I love baseball. When we moved to Honduras we splurged on a full season subscription to MLB-TV so we'd never miss a Nationals game (hold your comments, their implosion is for another blog.) With this kind of devotion, imagine my devastation when my night is centered on watching a game and there is a rain delay. Disappointment. Confusion. A vague feeling of, "well, what now??"
This was not the autumn I expected to have. I spent the better part of this summer preparing for my hospitality students' return to the classroom. I expanded the curriculum, took a two-week certification course (in Iowa!), and worked on creating unique networking opportunities for them. Back-to-school night was a ridiculously happy moment in my life. I don't think there was a teacher in the Western Hemisphere who was more delighted about seeing her students.
And then there was a lump. And a biopsy. And surgery. And now we're putting together a chemo plan. And all of this is taking place in the capital of Honduras, four hours away from my students.
It's been quite a rain delay.
We don't have to experience rain delays quite as dramatic as cancer in order to have feelings of disappointment, confusion, and that vague feeling of, "what now?" So how to handle it? Obstacles are going to come along with every goal we set. It's okay to take a pause and gather your thoughts. But it's not okay to lie down and call it a day. Rest, reflect, and reframe = yes. Walk away defeated = no.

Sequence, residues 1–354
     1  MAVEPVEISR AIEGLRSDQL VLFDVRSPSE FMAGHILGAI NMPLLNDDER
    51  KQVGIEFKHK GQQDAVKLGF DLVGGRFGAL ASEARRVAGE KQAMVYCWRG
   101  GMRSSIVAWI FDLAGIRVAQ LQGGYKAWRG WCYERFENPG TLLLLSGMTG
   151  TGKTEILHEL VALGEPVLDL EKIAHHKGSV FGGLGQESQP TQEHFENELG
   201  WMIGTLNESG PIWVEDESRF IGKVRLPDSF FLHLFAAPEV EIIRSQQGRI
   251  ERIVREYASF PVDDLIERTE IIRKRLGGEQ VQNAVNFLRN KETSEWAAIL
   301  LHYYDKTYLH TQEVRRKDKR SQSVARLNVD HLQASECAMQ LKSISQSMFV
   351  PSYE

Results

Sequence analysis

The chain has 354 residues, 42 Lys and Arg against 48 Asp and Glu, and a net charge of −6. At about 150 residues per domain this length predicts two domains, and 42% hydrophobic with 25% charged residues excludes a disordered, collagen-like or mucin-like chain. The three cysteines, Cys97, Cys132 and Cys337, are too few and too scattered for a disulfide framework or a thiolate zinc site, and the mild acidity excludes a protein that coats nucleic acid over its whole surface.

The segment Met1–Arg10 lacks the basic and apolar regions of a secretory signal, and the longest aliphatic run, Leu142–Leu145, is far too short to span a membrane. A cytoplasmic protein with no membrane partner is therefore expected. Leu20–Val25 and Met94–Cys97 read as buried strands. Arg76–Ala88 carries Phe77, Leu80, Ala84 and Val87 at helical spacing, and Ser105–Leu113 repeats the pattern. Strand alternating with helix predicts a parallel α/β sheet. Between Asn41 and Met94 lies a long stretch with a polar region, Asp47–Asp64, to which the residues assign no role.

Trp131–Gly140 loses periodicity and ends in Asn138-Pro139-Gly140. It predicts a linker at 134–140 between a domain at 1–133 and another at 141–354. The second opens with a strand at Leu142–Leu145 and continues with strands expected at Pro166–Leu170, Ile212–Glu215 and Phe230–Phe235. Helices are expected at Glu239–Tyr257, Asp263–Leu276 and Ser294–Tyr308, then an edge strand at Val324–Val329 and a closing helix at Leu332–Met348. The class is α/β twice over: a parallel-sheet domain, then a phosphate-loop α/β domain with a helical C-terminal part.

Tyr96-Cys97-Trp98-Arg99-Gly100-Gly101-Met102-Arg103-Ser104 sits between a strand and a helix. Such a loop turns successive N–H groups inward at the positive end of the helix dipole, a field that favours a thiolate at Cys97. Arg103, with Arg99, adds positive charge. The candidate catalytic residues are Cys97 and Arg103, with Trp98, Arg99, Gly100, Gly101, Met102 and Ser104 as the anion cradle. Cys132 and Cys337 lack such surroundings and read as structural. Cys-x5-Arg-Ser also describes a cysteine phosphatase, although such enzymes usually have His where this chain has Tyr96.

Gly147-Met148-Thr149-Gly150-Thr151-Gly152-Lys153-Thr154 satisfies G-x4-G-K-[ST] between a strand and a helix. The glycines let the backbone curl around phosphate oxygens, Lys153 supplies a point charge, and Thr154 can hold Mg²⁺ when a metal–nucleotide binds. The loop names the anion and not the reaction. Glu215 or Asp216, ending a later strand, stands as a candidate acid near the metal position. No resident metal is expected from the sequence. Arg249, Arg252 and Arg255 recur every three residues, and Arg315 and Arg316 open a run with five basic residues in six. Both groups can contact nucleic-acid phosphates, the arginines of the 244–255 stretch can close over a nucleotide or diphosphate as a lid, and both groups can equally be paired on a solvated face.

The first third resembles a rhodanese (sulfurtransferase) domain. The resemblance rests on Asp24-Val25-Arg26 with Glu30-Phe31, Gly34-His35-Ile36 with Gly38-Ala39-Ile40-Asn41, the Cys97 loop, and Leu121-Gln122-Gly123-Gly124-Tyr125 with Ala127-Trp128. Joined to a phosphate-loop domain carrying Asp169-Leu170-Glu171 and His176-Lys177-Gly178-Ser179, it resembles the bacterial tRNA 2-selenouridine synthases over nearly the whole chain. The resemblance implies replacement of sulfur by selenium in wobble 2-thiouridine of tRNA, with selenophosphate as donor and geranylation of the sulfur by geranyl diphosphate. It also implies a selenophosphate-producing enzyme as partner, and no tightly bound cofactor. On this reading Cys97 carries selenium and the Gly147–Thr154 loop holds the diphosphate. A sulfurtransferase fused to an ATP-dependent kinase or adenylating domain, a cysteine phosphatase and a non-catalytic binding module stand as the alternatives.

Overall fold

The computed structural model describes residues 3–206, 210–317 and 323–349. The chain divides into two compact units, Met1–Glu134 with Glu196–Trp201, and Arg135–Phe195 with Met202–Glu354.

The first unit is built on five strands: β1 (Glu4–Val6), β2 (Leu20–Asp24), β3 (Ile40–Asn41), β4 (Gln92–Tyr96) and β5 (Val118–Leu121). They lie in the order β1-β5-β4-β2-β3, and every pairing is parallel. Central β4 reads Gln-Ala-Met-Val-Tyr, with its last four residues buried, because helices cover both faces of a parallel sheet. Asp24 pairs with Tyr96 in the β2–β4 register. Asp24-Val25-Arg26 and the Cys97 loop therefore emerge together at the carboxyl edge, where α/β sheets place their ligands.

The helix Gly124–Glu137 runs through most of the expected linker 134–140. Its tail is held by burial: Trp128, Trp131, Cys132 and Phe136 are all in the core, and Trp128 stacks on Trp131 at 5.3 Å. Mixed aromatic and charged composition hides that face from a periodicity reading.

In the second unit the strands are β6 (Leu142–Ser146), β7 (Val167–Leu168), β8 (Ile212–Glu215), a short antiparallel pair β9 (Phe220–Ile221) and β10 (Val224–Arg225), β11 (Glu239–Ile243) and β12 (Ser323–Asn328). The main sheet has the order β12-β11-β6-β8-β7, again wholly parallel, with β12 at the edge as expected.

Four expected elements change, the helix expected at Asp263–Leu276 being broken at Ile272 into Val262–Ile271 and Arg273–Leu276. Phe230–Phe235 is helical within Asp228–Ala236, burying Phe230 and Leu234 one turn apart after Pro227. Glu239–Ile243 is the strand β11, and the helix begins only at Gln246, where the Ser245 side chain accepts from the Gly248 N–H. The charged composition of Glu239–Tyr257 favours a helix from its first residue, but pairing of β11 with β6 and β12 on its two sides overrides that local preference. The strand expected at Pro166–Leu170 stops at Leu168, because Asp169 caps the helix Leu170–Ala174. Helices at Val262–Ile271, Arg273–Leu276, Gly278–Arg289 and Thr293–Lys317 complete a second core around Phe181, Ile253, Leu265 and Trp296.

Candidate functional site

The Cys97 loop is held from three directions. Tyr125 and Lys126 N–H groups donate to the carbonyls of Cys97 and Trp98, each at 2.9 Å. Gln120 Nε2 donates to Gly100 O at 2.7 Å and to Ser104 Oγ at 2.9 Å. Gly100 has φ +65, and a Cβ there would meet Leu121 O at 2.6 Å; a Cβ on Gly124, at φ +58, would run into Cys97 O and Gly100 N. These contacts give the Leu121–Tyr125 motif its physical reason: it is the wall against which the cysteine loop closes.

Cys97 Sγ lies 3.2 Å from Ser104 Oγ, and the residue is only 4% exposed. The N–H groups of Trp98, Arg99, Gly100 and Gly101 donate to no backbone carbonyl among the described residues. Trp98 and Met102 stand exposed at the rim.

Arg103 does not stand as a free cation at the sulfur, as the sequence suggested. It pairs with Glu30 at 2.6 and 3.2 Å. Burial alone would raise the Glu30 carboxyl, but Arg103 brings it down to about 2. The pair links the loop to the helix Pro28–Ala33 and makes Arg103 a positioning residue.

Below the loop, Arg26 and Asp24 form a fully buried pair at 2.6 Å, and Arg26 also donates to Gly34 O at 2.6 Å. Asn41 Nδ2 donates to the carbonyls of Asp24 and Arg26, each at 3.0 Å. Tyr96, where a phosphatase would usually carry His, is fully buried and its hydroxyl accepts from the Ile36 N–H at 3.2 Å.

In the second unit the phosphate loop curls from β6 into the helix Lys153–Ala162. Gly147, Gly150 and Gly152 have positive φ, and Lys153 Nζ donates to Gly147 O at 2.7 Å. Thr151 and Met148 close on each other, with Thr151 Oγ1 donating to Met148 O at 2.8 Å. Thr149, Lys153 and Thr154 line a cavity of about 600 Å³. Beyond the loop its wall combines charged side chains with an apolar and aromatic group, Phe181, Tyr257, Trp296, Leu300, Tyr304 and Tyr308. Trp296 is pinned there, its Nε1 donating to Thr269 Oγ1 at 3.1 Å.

Rest. Whatever your rain delay it, it's helpful to take a moment to gather your thoughts. Chances are there is a lot of adrenaline in your system that has to go somewhere. Go to the gym, take a long walk, meditate, take a nap, cry, stare out the window. Give your body a chance to adjust to the fact that a new normal is coming down the pike.
Reflect. Be realistic about your situation. Whatever has happened is no doubt disappointing and frustrating, but it is important to stay optimistic. This does not mean floating down the river of Denial. Make a realistic assessment of your situation and look for ways to choose a positive course of action. Not surprisingly, people who are hopeful and optimistic tend to adjust more quickly to changes in circumstances. That's not to say it will always be sunshine and puppy dogs. Keep a healthy perspective so that your emotional response will take both aspects into account: feeling overly worried, upset, or preoccupied is not helpful, but neither is feeling overly cheerful, complacent, or optimistic. By neither dwelling on nor denying your fears you can reframe a more realistic and healthy goal.
Reframe. I have had to pause a number of things during my current rain delay. This blog was one. Teaching was another. But I knew that I would still need to have something to work on, so my reframed goal was to not miss publishing the private blog I write for a client and to coach the teacher who is subbing for me. As your situation changes, reframe the goal again. I've added this blog back, albeit once a week. Bit by bit you'll be back on track to where you were before the rain delay.
If we look at adversity and disappointments as rain delays rather than season-ending occurrences, we may actually find a better path to our ultimate goal leaving us stronger and wiser in the end.
(photo credit: espn.com)